“The Large Hadron Collider has successfully created a “mini-Big Bang” by smashing together lead ions instead of protons.”
2. Spain’s LGBT community prepare to welcome Pope with kiss-in – Organisers are using Facebook to grow a ‘queer kissing flashmob’ intended to congregate in front of Barcelona’s cathedral on Sunday:
“No placards, no flags, no shouting and no slogans. Only kissing allowed,” the Facebook page reads.
3. Liberty Counsel announces its 8th annual “Naughty & Nice list” – This is the Christian group that tries to discourage people from shopping at those evil stores that have the audacity to use “Happy Holidays” instead of “Merry Christmas” in their advertising. Here’s the official list. I plan on shopping only at the “naughty” stores and passing on the “nice” ones.
4. Skeptics in India launch their own paranormal challenge – Inspired by the James Randi Educational Foundation’s Million Dollar Paranormal Challenge, skeptics in India are offering 50 Lakh rupees (about $112,000) to anyone who can definitively prove under proper scientific conditions that ghosts exist.
5. American Atheists puts up their first billboard and it’s going to be in NYC – The billboard is going up near the Lincoln Tunnel on the NYC side on November 23rd and will remain there for one month. I’m not all that crazy about it as I’d rather we dropped the whole holiday season schtick and addressed something of more substance, but I don’t hate it either. Here’s what it will look like:
It seems that there’s a haunted house exhibiting paranormal activity in west Bohemia that has “the experts” scratching their heads. Gee gang, looks like we got another mystery on our hands. Of course, by experts, the article means experts in psychotronics, a seemingly made up scientific discipline:
Experts in psychotronics call such unexplainable occurrences “poltergeist,” a ghost that manifests itself by moving and influencing objects in a particular location.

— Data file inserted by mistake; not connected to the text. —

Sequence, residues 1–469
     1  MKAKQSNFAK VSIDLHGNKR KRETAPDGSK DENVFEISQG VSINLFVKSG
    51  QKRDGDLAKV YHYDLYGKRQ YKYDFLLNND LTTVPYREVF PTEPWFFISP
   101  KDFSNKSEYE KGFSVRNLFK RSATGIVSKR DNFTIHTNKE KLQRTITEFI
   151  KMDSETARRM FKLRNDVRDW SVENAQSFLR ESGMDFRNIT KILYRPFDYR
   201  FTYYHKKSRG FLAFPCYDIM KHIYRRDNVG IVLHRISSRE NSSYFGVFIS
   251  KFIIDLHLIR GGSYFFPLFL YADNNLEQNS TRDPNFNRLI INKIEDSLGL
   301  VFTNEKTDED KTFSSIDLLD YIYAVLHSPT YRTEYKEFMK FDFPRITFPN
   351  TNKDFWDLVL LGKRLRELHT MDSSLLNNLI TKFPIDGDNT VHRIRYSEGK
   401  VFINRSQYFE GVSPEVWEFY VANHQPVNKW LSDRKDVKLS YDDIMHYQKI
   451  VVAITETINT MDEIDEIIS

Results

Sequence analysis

Well far be it from me to question “the experts.” So what is the nature of the paranormal activity going on in this house? It seems that for weeks, there has been frequent small fires and cracked window panes. No! Not cracked window panes!!!
Now this is going to sound crazy but hear me out here.
What if the small fires were started by…
Looks like we cracked this case.
And the poltergeists would have gotten away with it if it weren’t for those meddling kids and their dumb dog!
Janet Jackson has just announced that she will be interviewed on ABC News on Nov. 18, where she will discuss the death of her brother, Michael. Unfortunately for Janet, she has been usurped by her deceased sibling, who is set to “appear” live on British television this Friday (Nov. 6) in a broadcast of a séance that will attempt to summon his spirit.
Michael Jackson: The Live Séance will be shown on Sky1 in the U.K., and the hour-long show promises to give fans a chance “to connect with their hero one last time.” According to Sky1 publicist Kirsty Howell, British psychic Derek Acorah will attempt to capitalize on Michael’s death…or, as she puts it, contact Michael’s spirit, “on an island … in a secret location familiar to Jackson.”
Oh, the idiocy! But wait. I’m confused. If Michael Jackson isn’t going anywhere, how can they promise it’ll be the “last time” fans will have a chance to communicate with him. Michael Jackson is sending me a message right now in fact and he says that’s just a cheap marketing ploy. I agree, MJ. What’s that, MJ? You don’t expect the “psychic” to say anything that isn’t either already out there in the public domain about you or any new information that is falsifiable? I think you’re right. Your lucky numbers are 4, 8, 15, 16, 23, and 42.
In a yet-to-open consignment shop in Montgomery, Alabama, there stands a broom that seems to defy the laws of gravity.